Pung Chow


Carol Ann Harper "CHarli" has a writeup about Pung Chow


The swooping crane One Bam and the flat ended Bams, the simple wans with Arabic numbers, and the Dots going from a stylized flower center to circles within circles appear in these mahjong sets.

The Winds are standard, but the Dragons are highly unusual, and probably were one of the selling points for the game. Who can resist those beautiful creatures?

The Flowers deserve some study, however. They all have the Western letters for the seasons, but the top row has the Chinese words for seasons, whereas the bottom one has the words for the four flowers.


The interest in showing different forms of architecture appears on these tiles as it does in other sets such as those by the Mah-Jongg Sales Company of America, one of Pung Chow's biggest competitors in those early days.

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It is clear the images are quite similar, but the Pung Chow designers have a more streamlined approach. The mountains and hills in the background have turned into triangular pyramidal shapes. And don't you love the birds? Look carefully at the South and you will see a bird flying up to the sky, as opposed to all the others flying downward.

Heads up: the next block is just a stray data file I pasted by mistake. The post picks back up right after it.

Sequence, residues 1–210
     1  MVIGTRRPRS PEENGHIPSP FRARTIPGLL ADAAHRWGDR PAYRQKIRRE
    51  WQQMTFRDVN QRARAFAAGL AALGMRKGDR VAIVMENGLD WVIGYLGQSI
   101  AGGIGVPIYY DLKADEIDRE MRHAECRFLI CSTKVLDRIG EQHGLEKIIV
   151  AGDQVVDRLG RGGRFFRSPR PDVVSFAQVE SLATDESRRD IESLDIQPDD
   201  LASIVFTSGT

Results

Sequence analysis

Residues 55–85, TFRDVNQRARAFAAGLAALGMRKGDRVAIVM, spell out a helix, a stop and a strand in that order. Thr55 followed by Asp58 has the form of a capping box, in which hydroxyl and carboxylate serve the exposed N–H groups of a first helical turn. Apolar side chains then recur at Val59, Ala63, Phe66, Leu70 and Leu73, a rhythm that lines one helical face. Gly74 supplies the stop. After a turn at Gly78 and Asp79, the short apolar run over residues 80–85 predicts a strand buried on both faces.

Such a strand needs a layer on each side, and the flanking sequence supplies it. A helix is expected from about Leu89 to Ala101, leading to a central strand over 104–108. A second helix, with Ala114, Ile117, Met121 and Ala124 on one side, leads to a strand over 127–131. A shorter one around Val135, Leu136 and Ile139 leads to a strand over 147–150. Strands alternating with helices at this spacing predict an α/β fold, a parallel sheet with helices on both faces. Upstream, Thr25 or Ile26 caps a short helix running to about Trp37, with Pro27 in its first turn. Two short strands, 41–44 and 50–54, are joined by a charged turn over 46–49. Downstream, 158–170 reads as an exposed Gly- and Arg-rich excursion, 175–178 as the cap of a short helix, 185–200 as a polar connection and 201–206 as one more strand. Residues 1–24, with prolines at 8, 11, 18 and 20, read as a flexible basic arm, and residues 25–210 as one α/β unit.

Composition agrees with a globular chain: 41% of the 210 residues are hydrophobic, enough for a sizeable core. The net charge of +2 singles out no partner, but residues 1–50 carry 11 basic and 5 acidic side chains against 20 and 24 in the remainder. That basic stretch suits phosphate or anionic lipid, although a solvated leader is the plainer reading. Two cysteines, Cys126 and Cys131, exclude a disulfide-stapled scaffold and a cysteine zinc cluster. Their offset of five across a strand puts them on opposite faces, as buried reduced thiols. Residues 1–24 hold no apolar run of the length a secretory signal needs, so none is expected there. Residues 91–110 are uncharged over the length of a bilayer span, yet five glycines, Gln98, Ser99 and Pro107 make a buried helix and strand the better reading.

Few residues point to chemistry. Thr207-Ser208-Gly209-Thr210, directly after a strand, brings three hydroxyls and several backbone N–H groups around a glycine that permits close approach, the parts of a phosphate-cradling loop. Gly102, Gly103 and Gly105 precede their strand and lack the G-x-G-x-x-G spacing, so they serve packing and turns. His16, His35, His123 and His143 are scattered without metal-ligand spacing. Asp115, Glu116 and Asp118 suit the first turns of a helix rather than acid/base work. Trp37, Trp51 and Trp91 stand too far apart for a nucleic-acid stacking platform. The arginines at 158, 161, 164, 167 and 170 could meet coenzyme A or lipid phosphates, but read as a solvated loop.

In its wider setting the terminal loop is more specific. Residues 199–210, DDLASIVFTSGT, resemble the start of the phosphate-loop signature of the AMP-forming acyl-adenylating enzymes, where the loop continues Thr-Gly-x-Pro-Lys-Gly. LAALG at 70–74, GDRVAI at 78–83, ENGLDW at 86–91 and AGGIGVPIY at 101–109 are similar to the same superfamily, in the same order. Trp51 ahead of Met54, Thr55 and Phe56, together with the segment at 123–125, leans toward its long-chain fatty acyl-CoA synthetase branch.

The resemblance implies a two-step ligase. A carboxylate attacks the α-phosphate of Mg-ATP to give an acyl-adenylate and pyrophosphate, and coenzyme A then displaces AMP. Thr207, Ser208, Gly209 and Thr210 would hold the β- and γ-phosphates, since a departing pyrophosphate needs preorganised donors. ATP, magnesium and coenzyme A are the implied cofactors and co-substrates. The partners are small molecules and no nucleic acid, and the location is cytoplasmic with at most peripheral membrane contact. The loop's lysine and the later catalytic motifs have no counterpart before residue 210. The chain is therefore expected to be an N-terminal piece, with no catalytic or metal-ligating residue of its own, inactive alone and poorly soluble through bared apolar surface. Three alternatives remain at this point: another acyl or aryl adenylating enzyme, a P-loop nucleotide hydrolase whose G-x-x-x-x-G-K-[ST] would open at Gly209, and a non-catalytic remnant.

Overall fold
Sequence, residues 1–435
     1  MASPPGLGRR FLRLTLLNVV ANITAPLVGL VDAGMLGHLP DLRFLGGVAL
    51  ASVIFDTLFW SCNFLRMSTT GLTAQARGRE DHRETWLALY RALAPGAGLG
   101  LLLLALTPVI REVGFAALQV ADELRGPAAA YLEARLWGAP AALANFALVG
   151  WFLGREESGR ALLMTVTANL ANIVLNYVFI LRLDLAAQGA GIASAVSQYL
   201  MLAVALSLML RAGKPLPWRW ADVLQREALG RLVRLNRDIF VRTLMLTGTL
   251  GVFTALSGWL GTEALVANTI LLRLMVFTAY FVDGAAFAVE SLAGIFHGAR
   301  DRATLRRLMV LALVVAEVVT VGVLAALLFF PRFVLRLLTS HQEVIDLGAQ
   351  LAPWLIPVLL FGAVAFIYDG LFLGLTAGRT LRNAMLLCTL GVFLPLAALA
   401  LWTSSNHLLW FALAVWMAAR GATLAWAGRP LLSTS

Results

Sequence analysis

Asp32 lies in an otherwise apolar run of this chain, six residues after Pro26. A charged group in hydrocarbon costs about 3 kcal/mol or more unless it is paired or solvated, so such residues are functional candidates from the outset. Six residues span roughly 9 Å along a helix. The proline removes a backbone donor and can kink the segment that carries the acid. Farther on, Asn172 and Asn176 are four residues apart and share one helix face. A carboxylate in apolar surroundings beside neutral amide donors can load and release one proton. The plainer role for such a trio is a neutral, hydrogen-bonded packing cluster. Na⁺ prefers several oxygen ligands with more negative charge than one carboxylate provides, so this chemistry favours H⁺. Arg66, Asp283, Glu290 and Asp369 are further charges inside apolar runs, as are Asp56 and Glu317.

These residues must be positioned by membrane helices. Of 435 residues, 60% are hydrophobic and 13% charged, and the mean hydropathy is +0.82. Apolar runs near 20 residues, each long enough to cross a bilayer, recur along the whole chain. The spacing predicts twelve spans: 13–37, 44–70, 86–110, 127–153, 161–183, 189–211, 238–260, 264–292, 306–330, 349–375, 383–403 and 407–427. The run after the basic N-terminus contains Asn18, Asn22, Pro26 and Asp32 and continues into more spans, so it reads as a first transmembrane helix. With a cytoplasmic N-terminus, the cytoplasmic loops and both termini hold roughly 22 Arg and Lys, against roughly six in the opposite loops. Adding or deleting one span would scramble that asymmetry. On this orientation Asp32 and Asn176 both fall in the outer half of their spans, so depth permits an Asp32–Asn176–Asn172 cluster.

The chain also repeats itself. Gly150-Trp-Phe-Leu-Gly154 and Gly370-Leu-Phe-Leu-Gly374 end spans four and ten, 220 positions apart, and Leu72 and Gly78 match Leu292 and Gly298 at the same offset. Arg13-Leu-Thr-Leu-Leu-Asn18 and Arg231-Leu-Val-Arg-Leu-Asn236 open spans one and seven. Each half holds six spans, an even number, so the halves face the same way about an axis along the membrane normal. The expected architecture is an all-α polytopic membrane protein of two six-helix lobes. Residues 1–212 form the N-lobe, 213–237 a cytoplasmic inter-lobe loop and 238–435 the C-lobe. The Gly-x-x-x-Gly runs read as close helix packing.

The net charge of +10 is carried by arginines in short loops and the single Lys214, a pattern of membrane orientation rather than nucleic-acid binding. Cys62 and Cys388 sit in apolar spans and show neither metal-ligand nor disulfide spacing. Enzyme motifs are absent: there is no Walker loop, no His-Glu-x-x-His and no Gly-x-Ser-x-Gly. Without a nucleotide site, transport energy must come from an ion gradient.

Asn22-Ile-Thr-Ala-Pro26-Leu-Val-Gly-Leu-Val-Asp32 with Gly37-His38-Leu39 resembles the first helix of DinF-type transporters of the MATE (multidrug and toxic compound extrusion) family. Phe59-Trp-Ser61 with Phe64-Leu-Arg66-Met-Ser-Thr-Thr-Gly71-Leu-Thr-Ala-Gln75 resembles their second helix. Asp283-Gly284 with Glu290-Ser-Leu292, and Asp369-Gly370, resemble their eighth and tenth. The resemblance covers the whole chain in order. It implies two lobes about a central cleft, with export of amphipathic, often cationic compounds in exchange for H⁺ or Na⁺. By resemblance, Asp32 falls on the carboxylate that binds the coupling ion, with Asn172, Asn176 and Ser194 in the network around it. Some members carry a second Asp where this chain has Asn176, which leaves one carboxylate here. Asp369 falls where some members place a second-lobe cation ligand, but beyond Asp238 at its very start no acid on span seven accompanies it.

And now for the forms of transportation:

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You can see how Pung Chow's images are simpler here too, but birds still are included on three of the tiles. (The only bird in the Mah-Jongg version is the duck seen on tile 4 under the tree.) The hills are  triangular here too.

To see another write-up about forms of transportation on this site, click here